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Oliver Otis Howard, Autobiography of Oliver Otis Howard, major general , United States army : volume 2 63 3 Browse Search
William Tecumseh Sherman, Memoirs of General William T. Sherman . 62 6 Browse Search
Robert Underwood Johnson, Clarence Clough Buell, Battles and Leaders of the Civil War. Volume 4. 51 5 Browse Search
William F. Fox, Lt. Col. U. S. V., Regimental Losses in the American Civil War, 1861-1865: A Treatise on the extent and nature of the mortuary losses in the Union regiments, with full and exhaustive statistics compiled from the official records on file in the state military bureaus and at Washington 43 1 Browse Search
Rebellion Record: a Diary of American Events: Documents and Narratives, Volume 9. (ed. Frank Moore) 42 6 Browse Search
Comte de Paris, History of the Civil War in America. Vol. 4. (ed. Henry Coppee , LL.D.) 28 2 Browse Search
The Photographic History of The Civil War: in ten volumes, Thousands of Scenes Photographed 1861-65, with Text by many Special Authorities, Volume 3: The Decisive Battles. (ed. Francis Trevelyan Miller) 26 2 Browse Search
Joseph T. Derry , A. M. , Author of School History of the United States; Story of the Confederate War, etc., Confederate Military History, a library of Confederate States Military History: Volume 6, Georgia (ed. Clement Anselm Evans) 23 1 Browse Search
Robert Underwood Johnson, Clarence Clough Buell, Battles and Leaders of the Civil War. Volume 3. 16 2 Browse Search
John D. Billings, Hardtack and Coffee: The Unwritten Story of Army Life 12 0 Browse Search
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Browsing named entities in Rebellion Record: a Diary of American Events: Documents and Narratives, Volume 9. (ed. Frank Moore). You can also browse the collection for John M. Corse or search for John M. Corse in all documents.

Your search returned 24 results in 5 document sections:

the Fourteenth corps back to Chattanooga, and Corse's division of the Fifteenth corps to Rome. Alt, and had by signal and telegraph ordered General Corse to reinforce that post from Rome. GenerGeneral Corse had reached Allatoona with a brigade during the night of the fourth just in time to meet tI succeeded in getting a signal message to General Corse during his fight, notifying him of my presence. The defence of Allatoona by General Corse was admirably conducted, and the enemy repulsed wi, when, every thing being ready, I ordered General Corse, who still remained at Rome, to destroy thal John E. Smith; Fourth division, Brigadier-General J. M. Corse. The Seventeenth corps, Major-Gtt, Brigadier-General W. B. Hazen, Brigadier-General J. M. Corse, Brigadier-General Giles A. Smith. November twenty-second, 1864. Brigadier-General John M. Corse, commanding Fourth division Fiftef the gallant defence of Allatoona Pass by General Corse and his command, was received and announce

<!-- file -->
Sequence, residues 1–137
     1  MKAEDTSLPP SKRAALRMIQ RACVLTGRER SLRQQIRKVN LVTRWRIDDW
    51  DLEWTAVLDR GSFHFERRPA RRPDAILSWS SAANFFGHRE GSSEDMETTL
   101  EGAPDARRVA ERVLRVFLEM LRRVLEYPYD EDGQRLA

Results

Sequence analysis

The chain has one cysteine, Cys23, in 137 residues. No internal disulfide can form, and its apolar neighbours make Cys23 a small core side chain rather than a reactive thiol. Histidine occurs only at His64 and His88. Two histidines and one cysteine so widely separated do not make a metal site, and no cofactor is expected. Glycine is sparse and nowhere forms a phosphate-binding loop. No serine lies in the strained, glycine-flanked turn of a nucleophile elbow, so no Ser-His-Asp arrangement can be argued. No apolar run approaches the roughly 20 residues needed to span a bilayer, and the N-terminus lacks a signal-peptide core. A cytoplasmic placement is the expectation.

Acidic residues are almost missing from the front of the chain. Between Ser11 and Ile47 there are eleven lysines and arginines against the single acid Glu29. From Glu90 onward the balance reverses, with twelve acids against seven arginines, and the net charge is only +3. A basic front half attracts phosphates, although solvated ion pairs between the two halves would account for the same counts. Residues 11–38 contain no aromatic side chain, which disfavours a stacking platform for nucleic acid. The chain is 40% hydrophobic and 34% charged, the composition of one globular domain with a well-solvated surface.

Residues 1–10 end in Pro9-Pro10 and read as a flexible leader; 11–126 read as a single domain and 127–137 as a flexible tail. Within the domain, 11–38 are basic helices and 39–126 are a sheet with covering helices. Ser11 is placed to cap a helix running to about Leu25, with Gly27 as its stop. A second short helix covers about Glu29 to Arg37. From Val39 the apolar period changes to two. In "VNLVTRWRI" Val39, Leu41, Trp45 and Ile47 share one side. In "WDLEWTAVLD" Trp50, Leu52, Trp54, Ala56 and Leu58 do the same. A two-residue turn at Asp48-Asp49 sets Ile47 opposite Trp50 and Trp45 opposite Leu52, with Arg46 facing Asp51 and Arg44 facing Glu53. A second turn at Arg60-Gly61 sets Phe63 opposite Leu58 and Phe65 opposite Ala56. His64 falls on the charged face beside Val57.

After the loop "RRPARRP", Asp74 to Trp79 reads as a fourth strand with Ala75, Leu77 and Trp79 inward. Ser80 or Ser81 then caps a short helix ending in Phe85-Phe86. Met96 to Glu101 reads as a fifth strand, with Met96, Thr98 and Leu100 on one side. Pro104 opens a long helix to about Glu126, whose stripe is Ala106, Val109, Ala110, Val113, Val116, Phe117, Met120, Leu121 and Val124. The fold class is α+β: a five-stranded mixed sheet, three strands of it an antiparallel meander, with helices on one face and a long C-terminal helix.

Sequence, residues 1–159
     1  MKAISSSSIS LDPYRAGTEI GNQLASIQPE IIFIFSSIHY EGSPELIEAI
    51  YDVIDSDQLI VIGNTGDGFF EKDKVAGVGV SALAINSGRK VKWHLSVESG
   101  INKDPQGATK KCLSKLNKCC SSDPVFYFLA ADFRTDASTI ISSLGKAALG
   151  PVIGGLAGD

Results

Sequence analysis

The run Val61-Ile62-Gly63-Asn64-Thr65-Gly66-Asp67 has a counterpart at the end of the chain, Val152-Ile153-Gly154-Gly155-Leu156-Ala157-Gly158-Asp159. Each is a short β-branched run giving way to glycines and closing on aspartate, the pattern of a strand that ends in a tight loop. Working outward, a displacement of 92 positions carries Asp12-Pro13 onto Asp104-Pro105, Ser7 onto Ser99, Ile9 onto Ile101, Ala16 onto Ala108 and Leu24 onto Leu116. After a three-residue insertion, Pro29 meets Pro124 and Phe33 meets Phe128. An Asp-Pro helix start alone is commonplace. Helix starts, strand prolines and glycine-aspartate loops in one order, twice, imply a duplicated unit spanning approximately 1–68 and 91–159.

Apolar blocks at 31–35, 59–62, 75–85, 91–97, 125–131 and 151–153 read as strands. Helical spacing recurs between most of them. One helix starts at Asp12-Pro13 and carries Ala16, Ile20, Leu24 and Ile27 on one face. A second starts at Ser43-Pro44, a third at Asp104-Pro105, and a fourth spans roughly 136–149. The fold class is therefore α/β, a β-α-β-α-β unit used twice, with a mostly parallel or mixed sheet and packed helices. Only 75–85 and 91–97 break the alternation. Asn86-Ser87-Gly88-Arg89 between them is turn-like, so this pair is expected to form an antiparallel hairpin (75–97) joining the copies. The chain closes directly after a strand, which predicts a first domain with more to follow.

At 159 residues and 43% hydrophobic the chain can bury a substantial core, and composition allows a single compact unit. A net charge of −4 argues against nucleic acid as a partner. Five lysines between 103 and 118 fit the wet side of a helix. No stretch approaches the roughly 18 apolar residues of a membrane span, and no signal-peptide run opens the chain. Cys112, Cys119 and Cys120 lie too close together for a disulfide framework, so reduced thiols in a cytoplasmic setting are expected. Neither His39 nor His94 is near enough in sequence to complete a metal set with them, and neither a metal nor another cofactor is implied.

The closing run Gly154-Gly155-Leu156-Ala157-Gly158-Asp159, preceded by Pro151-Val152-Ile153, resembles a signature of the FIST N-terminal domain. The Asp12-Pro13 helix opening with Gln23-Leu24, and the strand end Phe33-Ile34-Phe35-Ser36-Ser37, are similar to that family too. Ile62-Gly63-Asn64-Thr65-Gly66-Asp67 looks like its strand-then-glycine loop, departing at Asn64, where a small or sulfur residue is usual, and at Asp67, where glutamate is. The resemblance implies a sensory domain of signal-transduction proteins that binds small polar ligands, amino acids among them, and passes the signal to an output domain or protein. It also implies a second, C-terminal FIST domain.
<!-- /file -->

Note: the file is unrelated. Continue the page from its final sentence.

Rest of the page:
ommanding Fifteenth corps, for his great activity and energy displayed during the entire campaign. To Major-General Blair, commanding Seventeenth corps, I feel specially indebted for his hearty cooperation at all times, and for his successful accomplishment of the work allotted to his command. I here name again the division commanders, Major-General J. A. Mower, Brigadier-General Woods, Brigadier-General John E. Smith. Brigadier-General Leggett, Brigadier-General W. B. Hazen, Brigadier-General J. M. Corse, Brigadier-General Giles A. Smith. I cannot express too high commendation of these officers, who have worked vigorously early and late without flagging, to keep their command in order to accomplish the marches, to bridge creeks and rivers, to fight battles, destroy rail-roads, in short, who were ready without question or hesitation to set on foot and carry through the varied labors given into their charge. I wish further to tender to brigade commanders and to other officers